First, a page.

By using the cast’s self-deprecatory awareness within his satirical framework Silvestrini disabuses us of some of the more ingenuous barriers to mutual respect and understanding. Within this framework he allows his cast to clarify their own feelings and values in both text and dance and particularly in the latter — to Kharana’s uplifting musical accompaniment — we begin to see a communal self-expression emerge within a multi-cultural group. And while the perspective of Border Tales is distinctly British, the depiction of a ‘restless collision of cultures’ can be recognized in any society where immigration, whether forced or welcomed, is an acknowledged strand of government policy. One reason Silvestrini has revisited Border Tales is what he sees as today’s ‘more divisive and intolerant co-existence’ that underpins much of the current Brexit debate. Andy devises a simple skipping pattern for his guests to the refrain ‘in and out, in and out’ to which he adds with a gleeful laugh, ‘Leave, remain, leave, remain, open the gates, close the gates…’ His mood of benevolent gaiety is nevertheless tested when Wing asks for his advice on how to become ‘more English’. Andy has no advice to offer so Wing begins to copy him, at which point Andy pushes him back with the incensed injunction: ‘Don’t take my job away!’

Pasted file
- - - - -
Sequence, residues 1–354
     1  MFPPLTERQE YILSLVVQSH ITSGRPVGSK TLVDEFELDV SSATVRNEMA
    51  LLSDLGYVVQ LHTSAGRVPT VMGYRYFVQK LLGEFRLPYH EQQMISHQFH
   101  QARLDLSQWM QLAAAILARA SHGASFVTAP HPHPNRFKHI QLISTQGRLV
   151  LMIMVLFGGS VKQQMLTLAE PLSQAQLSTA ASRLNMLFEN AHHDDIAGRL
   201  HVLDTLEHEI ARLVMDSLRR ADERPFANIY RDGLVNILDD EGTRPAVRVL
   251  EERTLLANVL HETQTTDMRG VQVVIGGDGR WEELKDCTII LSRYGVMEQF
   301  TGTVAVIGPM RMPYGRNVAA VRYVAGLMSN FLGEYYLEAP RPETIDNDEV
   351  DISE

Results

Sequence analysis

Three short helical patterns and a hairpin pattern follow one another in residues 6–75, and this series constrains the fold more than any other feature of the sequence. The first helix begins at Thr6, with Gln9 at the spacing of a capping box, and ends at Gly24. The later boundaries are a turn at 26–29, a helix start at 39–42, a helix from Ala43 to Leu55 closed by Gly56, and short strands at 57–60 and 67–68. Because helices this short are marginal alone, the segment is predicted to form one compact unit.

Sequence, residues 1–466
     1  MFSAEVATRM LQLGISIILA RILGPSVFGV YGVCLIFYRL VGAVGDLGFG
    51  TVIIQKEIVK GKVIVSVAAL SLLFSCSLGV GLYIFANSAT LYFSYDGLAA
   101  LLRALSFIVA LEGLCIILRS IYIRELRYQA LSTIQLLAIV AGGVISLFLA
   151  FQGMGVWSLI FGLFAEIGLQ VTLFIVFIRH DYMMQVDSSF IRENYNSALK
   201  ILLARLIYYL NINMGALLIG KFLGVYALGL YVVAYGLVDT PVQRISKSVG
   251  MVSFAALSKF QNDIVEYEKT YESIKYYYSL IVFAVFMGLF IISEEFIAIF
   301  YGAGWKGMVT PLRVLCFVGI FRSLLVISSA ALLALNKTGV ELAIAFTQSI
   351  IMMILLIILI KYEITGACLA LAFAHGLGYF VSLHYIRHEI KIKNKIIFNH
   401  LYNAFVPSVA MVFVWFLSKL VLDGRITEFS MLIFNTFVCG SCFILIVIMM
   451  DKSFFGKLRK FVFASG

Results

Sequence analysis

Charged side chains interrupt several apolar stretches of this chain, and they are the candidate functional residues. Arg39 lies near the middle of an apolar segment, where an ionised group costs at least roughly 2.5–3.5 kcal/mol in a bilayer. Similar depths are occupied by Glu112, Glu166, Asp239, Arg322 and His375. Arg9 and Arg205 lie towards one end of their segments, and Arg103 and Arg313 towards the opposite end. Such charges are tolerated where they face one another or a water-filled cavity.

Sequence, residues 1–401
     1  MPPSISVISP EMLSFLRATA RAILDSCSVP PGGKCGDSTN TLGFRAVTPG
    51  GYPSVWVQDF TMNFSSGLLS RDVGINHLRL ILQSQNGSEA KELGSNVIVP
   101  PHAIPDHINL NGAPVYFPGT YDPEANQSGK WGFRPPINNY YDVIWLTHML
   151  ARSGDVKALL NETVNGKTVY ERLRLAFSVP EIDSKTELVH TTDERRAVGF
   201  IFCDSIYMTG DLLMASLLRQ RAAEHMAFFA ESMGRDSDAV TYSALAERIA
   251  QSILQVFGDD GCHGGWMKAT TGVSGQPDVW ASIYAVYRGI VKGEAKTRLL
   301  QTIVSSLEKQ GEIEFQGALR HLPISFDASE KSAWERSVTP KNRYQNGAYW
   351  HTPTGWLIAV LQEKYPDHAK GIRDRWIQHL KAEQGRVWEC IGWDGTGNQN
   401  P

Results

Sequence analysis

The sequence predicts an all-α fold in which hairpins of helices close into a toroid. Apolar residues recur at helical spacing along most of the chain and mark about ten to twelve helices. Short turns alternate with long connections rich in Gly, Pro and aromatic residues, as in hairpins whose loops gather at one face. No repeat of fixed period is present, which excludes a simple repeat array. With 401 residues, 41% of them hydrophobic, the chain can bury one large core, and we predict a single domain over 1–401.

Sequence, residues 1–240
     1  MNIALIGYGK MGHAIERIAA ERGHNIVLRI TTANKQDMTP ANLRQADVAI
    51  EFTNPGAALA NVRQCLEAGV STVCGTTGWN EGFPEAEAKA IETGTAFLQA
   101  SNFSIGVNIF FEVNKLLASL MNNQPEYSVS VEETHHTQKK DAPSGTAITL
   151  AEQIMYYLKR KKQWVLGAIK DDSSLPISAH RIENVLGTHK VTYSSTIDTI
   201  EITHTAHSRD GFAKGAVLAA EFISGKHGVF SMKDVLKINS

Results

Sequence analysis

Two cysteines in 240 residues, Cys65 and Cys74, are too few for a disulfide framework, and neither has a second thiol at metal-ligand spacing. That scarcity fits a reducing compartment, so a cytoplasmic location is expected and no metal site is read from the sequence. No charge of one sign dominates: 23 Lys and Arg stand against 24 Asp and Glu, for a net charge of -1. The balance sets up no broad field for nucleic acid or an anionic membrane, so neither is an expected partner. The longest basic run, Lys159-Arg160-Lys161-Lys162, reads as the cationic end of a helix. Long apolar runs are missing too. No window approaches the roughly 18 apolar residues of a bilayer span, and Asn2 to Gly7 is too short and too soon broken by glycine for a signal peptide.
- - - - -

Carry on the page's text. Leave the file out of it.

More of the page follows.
When all the guests have left at the end of the party, a confused and overwhelmed Andy sits down next to the cheerfully buoyant ‘welcome’ balloon to ponder, like the audience, what has just happened. How you react to his pathos depends on where you stand on the causative history of British colonial policy. Border Tales can be seen as a damning critique of British mentality, a sympathetic appreciation of immigrant struggles and a superimposed series of finely honed, well-paced tales that attempts to resolve ‘the space between people’. But when, as a UK citizen, I read about how the British government set up the establishment of Israel under the terms of the Balfour declaration in 1917 only to turn away from the continuous dismantling of its spirit; how it left the Indian empire to its fate in 1947; how it has recently treated the Windrush generation of immigrants and how it is in the throes of trashing its relationship with Europe, Andy’s role offers a salutary reflection on what constitutes our ‘borders’. 


Hetain Patel: Be Like Water

Posted: February 14th, 2013 | Author: | Filed under: Performance | Tags: , , , , , , , , | 1 Comment »

Hetain Patel: Be Like Water, Rich Mix, February 2

Hetain Patel in Be Like Water

As with the popular evolution of wine, dance has gone from its traditional forms through international styles to ethnic cross-fertilization. Hetain Patel’s Be Like Water is such a delight that it reminds me of a recent comment by a wine writer who said that thirty years ago the idea of the best-tasting burgundy coming from Hungary would have been unthinkable. Be Like Water’s humour and intelligence, conceived as a Bruce Lee-inspired autobiographical fragment by a Bolton-bred first generation Indian video artist and a Taiwanese dancer, make it one of the most refreshing works I have seen in a long time.